Last night I was listening to a portion of the 2009 Dalton Camp Lecture being aired on the CBC Radio programme, Ideas. The lecturer was Sue Gardner, the executive director of the Wikimedia Foundation. During the portion that I heard, Gardner spoke about how the internet has let us into worlds that would be impenetrable to us in another time. In particular, the rise of blogs, chatrooms, and group websites allows us to peer into the world of individuals and groups radically unlike ourselves. For example, Gardner spoke about surveying the blogs of conspiracy theorists. With "in person" social interaction, we tend to naturally gravitate to those with whom we agree and build relationships and networks with them. Without relationships, it is difficult to understand the minds of hearts of those radically "other" from us and to feel empathy for them. Typically, the chief way we overcome prejudice and build bridges of reconciliation is through deepening relationships with those with whom we find ourselves in conflict. Garder suggests that the new online world gives us an opportunity to experience the world of those who are radically "other," those with whom we would never associate (or have the privilege even to peer into their world). Circles that were once very private are now very public and open to online viewing. She believes that this is an opportunity for understanding and empathy.
I peruse certain very conservative Anglican blogs on a daily basis. Sometimes I find it very depressing. To be frank, I find much of what I read on these sites to be written with such anger and hatred toward mainstream Anglicanism (and especially toward gay and lesbian anglicans and those who support them), that I wonder why I visit them. Is it a perverse voyeurism on my part?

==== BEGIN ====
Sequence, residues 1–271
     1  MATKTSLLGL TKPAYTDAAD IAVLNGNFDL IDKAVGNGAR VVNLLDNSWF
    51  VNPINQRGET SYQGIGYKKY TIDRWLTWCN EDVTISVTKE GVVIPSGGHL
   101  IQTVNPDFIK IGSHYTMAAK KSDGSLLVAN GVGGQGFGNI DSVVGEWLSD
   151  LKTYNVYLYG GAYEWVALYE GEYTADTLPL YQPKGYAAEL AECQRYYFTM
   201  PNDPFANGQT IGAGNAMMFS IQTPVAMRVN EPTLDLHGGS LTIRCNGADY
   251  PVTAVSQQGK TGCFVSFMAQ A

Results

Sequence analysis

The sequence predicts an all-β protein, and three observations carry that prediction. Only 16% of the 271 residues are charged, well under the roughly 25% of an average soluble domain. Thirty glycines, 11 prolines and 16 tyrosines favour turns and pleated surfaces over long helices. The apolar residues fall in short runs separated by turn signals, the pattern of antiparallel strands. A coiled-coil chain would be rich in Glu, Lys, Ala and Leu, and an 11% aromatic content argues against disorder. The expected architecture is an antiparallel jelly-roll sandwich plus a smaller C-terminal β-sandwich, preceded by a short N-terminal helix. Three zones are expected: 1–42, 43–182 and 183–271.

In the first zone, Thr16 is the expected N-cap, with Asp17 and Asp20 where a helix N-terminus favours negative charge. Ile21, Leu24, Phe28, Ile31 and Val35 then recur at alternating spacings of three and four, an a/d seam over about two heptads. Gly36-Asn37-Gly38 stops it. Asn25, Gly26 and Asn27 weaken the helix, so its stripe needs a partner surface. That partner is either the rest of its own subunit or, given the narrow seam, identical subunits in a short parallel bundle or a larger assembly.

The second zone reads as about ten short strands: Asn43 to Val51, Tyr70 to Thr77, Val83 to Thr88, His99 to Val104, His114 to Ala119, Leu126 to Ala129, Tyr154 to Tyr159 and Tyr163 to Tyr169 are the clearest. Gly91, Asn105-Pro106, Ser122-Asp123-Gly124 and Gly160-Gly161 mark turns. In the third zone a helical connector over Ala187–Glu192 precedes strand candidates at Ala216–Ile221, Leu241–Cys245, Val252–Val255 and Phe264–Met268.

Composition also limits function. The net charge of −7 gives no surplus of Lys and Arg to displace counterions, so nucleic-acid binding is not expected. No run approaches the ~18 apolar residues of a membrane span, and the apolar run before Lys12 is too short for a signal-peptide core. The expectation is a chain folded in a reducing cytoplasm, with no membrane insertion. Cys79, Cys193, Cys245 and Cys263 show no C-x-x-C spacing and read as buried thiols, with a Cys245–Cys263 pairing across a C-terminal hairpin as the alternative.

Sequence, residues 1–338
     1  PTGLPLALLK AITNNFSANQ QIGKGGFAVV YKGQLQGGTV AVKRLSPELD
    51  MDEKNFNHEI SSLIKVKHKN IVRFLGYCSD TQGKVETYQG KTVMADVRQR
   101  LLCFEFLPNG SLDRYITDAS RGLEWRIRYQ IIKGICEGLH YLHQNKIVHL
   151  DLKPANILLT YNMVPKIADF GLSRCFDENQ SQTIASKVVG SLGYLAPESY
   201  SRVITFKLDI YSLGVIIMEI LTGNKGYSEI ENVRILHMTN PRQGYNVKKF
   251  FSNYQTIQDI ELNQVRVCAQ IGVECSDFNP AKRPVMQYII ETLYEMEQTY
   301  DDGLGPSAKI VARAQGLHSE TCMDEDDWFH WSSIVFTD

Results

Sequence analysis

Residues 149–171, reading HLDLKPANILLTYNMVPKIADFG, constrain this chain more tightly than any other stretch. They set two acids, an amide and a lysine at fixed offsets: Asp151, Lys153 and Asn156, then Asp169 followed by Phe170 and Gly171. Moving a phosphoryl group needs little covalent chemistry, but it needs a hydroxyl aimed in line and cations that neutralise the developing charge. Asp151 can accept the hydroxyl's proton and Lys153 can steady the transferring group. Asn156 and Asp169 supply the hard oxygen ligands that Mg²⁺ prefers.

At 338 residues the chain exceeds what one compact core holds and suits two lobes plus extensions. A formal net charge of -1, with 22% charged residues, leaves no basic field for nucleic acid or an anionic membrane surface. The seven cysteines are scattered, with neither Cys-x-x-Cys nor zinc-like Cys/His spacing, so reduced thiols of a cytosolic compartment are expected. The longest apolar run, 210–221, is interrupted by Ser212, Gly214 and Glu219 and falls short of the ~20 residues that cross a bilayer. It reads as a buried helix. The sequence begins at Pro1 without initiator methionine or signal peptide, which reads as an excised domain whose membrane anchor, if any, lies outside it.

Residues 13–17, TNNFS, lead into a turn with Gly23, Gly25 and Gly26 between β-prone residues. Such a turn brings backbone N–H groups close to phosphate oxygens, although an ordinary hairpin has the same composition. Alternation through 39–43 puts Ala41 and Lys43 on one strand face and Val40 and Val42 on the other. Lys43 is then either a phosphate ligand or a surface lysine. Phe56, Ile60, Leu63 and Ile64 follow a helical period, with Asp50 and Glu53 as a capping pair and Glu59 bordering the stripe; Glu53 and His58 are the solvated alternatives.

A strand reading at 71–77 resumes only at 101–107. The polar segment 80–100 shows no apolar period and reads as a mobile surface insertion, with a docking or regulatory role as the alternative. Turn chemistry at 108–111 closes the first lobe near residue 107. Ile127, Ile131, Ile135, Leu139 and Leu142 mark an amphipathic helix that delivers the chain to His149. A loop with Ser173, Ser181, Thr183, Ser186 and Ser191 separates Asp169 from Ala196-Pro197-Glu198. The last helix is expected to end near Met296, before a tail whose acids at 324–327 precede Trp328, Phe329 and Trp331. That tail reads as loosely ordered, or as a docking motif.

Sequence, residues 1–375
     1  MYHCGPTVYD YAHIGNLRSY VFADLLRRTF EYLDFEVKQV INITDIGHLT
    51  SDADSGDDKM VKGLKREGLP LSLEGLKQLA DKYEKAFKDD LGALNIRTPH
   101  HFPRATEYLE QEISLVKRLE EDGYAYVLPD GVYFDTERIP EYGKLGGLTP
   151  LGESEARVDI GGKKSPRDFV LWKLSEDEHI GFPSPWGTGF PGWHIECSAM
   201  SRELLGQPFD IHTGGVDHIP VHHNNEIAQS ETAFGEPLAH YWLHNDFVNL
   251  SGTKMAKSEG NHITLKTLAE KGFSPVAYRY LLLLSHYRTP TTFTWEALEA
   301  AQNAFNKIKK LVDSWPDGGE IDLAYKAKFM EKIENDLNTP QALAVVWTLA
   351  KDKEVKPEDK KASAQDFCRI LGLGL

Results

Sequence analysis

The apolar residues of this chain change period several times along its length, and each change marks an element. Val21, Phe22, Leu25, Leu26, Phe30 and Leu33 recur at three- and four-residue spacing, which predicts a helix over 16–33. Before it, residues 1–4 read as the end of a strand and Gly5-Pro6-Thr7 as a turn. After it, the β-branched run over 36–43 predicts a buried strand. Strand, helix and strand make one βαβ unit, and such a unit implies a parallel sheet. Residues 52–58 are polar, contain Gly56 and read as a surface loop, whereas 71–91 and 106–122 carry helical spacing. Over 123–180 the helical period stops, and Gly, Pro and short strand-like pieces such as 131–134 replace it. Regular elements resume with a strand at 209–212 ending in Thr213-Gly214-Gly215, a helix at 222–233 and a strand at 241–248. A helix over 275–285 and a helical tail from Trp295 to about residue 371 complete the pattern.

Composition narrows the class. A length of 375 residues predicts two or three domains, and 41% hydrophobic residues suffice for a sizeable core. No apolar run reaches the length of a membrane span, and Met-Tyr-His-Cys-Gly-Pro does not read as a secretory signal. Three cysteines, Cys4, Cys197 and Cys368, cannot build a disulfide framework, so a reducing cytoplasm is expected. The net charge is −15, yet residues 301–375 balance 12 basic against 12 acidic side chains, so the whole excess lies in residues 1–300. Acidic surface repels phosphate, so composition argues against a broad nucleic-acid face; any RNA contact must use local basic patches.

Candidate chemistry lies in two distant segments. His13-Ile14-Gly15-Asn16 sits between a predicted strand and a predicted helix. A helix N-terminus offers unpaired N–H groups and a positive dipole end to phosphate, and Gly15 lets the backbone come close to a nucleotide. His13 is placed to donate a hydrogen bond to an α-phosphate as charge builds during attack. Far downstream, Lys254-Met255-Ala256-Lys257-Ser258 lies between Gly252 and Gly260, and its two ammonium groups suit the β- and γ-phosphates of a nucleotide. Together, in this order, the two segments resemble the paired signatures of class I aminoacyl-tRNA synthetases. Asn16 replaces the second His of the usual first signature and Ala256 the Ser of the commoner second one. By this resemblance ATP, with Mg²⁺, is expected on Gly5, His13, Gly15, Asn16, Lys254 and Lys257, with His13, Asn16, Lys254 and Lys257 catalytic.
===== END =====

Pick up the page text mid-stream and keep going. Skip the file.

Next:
Gardner's lecture helped me to understand why I feel so compelled to make my daily visits into these strange lands; I make those visits precisely because they are lands that are strange, and shocking, and frustrating to me. It is for this reason that I must go there. It is an ethical obligation. It is an obligation of being a citizen of both the civic polis and the commonwealth of God. There is a sizeable community out there that is deeply angered and frustrated with the path the Anglican Church is taking. I am not amongst them, but I need to understand them, because if I believe anything, I believe it is that the gospel of our Lord is a gospel of reconciliation.
In my own sinfulness, I would not choose to walk amongst these people. Without looking into their world, and they into mine, how are we to have any empathy and understanding of each other. It is true that we are far from experiencing a shared relationship, but perhaps our shared online presence creates a safe space in which we can watch each other from a distance and be open to the healing and reconciling power of God in Christ.